Tuesday, April 12, 2011

Putting the fear into Cabinet

So, if MediaWorks didn't need our money, how did they manage to walk off with $43 million of it? It boils down to one thing: fear.

In early October, despite advice from his department that assistance was unnecessary, Steven Joyce sought permission to take an urgent paper to Cabinet to gain approval to negotiate a "one-off" restructuring of broadcasting licence fee payments. The Cabinet paper gives the following justification in its executive summary:

The new option recognises a worsening of trading conditions in the recent economic recessions hat has reduced cash flow from advertising revenue. One of the major licensees (MediaWorks Ltd) has broken existing banking covenants, as the gearing by its offshore parent company Ironbridge Capital Ltd was arranged in better market conditions.
The first sentence had been thoroughly debunked by Deloittes' financial modelling. As for the second, this is the first time it has been mentioned. It is not mentioned in any of the weekly briefings to the Minister. It is not mentioned in any of the other briefings. And its not mentioned anywhere in the main body of the Cabinet Paper itself. Instead, there's some other details about MediaWorks' problems:
Details of an interim restructure arrangement for MediaWorks by its parent company Ironbridge have been provided to MED officials. According to Ironbridge, one of the conditions of this arrangement is the banks' requirement that licence payments be spread over a five to six year period. Ironbridge states that MediaWorks cannot fund the payment over a shorter timeframe. Mediaworks is seeking a decision on the spreading of licence renewal payments before 31 October this year, as this is the date by which MediaWorks is required to present its longer term financial restructuring plan.
(Emphasis added)

But broadcasting licence payments in New Zealand are not normally spread over a five to six year period - they're an upfront lump sum for a tradable property right. MediaWorks apparently made its bankers a promise it couldn't keep. As for why its the government's problem, there's this bit on "risks":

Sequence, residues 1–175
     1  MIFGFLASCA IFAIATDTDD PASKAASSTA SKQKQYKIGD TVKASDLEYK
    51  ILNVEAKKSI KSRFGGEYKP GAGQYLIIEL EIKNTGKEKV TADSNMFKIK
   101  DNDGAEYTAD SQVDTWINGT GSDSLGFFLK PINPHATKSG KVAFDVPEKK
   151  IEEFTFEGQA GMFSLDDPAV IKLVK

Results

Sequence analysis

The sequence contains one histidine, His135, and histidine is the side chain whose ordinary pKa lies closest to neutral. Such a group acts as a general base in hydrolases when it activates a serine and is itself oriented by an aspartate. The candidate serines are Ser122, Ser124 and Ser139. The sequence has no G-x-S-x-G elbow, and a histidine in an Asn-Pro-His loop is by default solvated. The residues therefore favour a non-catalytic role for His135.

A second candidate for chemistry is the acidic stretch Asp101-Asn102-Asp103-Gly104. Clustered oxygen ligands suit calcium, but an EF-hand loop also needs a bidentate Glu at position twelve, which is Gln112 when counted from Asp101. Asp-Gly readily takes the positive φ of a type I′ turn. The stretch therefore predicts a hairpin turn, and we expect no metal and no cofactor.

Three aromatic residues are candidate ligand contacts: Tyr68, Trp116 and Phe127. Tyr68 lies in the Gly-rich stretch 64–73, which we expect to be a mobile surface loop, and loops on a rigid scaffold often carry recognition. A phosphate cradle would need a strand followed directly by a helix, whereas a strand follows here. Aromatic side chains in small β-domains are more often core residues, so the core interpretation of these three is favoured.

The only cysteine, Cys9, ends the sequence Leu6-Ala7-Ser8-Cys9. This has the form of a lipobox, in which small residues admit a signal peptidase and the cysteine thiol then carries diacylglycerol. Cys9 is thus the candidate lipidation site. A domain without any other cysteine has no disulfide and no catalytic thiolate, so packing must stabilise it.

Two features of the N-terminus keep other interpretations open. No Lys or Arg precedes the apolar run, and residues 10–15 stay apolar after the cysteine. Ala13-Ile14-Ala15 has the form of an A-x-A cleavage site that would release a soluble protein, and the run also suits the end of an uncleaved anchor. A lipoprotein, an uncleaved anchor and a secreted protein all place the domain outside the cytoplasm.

If no action is taken, there is a risk that some RBA members will default on the payments...

MediaWorks operates both radio and television services. If it were to default on its current licence renewal obligations, or move to liquidation, there is potential of a wider destabilising effect in both sectors. The television business has a higher profile domestically and internationally, and there could possibly be some commentary on New Zealand's overall economic position.

In case that wasn't enough, the one-page summary prepared for the Cabinet Economic Growth and Infrastructure Committee hyped the threat even more:
If no action is taken, there is a risk that some RBA members, including the two major networks (MediaWorks and The Radio Network), will default on payments. This has the potential for destabilising effects in the radio and television industries.
Finally, the supplementary paper when it actually reached Cabinet on 19 October claimed that
at least one of the radio companies may have experienced a credit downgrade
Clearly, the entire New Zealand broadcasting industry was under threat, and the government had to Act Immediately to Save It!

But this is the first time that any of this has been mentioned. Its not mentioned in any of the earlier briefings. Its not mentioned in the weekly updates to the Minister. its not mentioned in any of the emails around seeking approval or drafting the Cabinet Paper. Reports of communications with MediaWorks show them as quite relaxed, facing a "non-critical" banking deadline on September 11 (when they would have to pay interest), but asking for a decision by October 31 to meet Ironbridge's restructuring deadline. There is no suggestion anywhere in this advice of a possible default, let alone of liquidation. But regardless of where it came from, it was persuasive; Cabinet rubberstamped the deal, and MediaWorks (or rather Ironbridge, because they're the major beneficiaries, with their extortionate dividend stream secured) laughed all the way to the bank.